China is embracing motorsport, how is your Mandarin?

One of the interesting things I learnt from the World Motorsport Symposium (WMS) last year was about the growth of motorsport in China. It should come as no real surprise as this is one of the world’s fastest growing economies with a relatively new middle class consumer demographic; with money to spend on leisure activities like motorsport.

As I write this blog post our Prime Minister Theresa May is visiting China on a trade visit, accompanied by McLaren COO Jens Ludmann. This UK company is one of the many in the automotive and motorsport industries that see China as an important market: it’s the world’s biggest new car market, accounting for almost a third of global annual sales.

At the WMS there was much talk about new motorsport events hosted on Chinese soil. In fact the Chinese government is behind this boom, calling for the “continuous improvement in the organisation of motorsports” and new racing circuits to be created to provide venues for more homegrown events.

In the last two decades there have been notable additions to the global motorsport calendar including the Chinese Grand Prix in Shanghai (launched in 2004) – now firmly established on the international circuit – and the Silk Way Rally a Russian / Chinese event that plans to rival the Dakar Rally.

The Chinese aren’t just spectators either. Young drivers are coming up through the ranks, such as champion rally driver, Han Han, who is also China’s most popular blogger. He started off as a teenager racing around a Shanghai karting track, entering professional racing in 2003 with the Beijing Extreme Speed Racing Team, and won his first championship in the China Circuit Championship in 2007.

Unlike older drivers, Han Han and other Chinese racing drivers of his generation and younger started their training early on China’s new karting circuits. Prior to that motorsport was in its infancy, without the facilities China boasts today, and drivers typically entered the sport as adults at a disadvantage to other international drivers.

For international motorsport companies and organisations, suppliers and service providers, China and Chinese is increasingly part of global strategies. Naturally, communicating in Chinese is an important part of this.

Communicating in the Chinese motorsport industry

Mandarin has long been identified as an important language for global businesses, governments and other organisations. However, in the UK it is not widely taught in schools (Spanish, French and German are still the dominant languages for secondary education) and therefore not many people even have the basics.

Admittedly, Mandarin is a difficult language to learn. It’s tonal with many sounds that aren’t used in European languages, and very different grammatical systems. For this reason it generally takes a lot longer to learn than other languages that are more closely related to English, and that requires some commitment!

However, for any company or organisation that wants to form ties with China, whether that’s working with Chinese motorsports companies, participating in Chinese motorsports events and building fan bases and brand image, it is essential to have the right language skills.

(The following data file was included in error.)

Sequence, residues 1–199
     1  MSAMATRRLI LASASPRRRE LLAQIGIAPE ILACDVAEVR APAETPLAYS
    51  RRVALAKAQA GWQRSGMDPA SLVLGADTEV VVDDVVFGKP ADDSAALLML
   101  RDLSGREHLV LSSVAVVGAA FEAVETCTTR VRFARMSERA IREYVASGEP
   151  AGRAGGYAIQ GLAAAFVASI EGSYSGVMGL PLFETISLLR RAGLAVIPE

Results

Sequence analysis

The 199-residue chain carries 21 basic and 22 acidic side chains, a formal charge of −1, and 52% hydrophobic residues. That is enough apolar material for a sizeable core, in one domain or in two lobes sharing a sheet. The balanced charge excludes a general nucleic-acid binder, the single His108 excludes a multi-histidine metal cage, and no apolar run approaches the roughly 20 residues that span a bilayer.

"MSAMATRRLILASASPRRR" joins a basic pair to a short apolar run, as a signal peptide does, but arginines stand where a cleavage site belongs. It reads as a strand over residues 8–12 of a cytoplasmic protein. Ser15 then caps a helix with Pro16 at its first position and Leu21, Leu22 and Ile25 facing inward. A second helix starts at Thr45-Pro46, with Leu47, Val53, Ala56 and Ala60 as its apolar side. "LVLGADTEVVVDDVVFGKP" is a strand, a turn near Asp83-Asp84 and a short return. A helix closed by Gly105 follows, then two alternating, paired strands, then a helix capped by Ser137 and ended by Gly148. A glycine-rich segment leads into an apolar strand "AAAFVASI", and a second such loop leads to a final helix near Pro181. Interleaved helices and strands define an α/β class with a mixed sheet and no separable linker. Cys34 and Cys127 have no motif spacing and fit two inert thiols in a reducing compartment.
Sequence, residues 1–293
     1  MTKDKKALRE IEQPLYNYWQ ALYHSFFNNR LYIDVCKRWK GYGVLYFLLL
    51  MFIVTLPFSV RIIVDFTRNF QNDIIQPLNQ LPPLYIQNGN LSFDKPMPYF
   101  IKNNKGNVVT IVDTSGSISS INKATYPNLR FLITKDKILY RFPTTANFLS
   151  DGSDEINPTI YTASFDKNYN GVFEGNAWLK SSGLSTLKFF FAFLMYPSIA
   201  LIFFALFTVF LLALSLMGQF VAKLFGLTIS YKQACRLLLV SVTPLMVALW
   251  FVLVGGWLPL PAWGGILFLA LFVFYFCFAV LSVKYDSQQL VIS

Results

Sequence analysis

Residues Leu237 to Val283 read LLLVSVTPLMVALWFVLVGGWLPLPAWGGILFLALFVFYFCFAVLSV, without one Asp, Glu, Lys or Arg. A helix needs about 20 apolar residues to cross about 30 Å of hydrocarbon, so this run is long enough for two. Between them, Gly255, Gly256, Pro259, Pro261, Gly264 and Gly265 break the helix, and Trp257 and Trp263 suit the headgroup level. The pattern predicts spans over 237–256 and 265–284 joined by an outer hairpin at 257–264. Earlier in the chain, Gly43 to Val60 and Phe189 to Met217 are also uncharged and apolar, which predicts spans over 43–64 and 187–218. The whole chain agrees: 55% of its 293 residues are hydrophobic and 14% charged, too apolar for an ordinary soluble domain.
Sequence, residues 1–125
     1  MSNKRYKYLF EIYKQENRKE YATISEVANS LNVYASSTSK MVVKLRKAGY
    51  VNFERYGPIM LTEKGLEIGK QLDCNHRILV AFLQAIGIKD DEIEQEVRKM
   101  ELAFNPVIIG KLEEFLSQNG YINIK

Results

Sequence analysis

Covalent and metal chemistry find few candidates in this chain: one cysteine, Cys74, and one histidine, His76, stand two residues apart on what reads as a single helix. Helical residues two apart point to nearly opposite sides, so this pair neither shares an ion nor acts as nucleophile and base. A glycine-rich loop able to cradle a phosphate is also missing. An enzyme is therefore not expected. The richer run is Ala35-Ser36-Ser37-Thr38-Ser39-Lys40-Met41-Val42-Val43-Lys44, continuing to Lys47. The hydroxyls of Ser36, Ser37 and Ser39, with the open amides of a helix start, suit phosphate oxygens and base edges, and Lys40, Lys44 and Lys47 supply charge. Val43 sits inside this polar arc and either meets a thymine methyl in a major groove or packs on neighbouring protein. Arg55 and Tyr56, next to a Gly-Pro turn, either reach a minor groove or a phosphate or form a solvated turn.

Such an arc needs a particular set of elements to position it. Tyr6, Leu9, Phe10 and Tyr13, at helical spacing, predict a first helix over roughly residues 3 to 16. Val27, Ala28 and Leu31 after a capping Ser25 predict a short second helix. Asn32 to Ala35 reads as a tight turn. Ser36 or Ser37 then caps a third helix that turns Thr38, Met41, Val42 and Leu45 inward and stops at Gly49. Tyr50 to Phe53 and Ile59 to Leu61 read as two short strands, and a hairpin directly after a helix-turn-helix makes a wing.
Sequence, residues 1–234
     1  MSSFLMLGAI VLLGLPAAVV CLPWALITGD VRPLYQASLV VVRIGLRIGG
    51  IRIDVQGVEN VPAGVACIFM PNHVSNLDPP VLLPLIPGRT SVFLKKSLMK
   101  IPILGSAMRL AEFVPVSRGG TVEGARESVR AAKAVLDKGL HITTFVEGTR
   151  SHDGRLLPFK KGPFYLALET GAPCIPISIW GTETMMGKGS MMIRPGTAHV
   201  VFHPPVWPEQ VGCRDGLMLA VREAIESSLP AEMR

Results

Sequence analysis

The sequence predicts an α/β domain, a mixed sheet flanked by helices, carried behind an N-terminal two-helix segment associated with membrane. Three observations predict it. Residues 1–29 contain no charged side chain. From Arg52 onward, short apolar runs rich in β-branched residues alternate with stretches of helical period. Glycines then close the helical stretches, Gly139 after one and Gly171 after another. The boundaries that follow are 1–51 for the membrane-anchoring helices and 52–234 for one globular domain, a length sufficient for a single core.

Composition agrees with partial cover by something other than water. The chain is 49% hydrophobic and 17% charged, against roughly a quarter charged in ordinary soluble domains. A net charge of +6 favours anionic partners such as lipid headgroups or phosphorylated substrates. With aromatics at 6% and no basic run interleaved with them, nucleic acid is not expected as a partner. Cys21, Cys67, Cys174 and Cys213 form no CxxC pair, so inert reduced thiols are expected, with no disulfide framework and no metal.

English is not widely spoken in China either. Fewer than one in 100 Chinese residents speak English, so it is really important to have a communications strategy, and support, before jumping on a flight to Beijing! I recommend the following:

  1. Check that Mandarin is spoken – this is the most widely spoken language in China, but Cantonese is the first language for some people. According to the Ministry of Education, 400 million people in China don’t speak Mandarin.
  2. Ensure that you – and any employees visiting China or communicating with Chinese contacts – have some basic words in Mandarin (or Cantonese if appropriate) to enable them to express a few pleasantries, greetings etc.
  3. Work with interpreters with automotive or motorsport experience. It is important to use professional interpreters who understand the concepts and terminology used by all parties so there is no misunderstanding or confusion.
  4. Consider what printed materials you might need. These may range from business cards to technical information or marketing content. Get these essential assets translated by a translation partner with automotive translation
  5. Translate digital content if appropriate. Websites and social media profiles can help your company engage with fans, sponsors and key stakeholders. Localised versions of your existing digital profiles and website can be created to support your objectives in China, or consider developing a microsite for Chinese audiences to promote your company.

Comtec has enjoyed a long relationship with many UK motorsport and automotive organisations, partnering with our clients to help them reach new markets and audiences including those in China. I would be delighted to discuss how we can support your organisation, and provide more insight into our automotive translation services.

Please get in touch if you would like an informal chat or to arrange a meeting. Call +44 (0) 1926 335 681 or email

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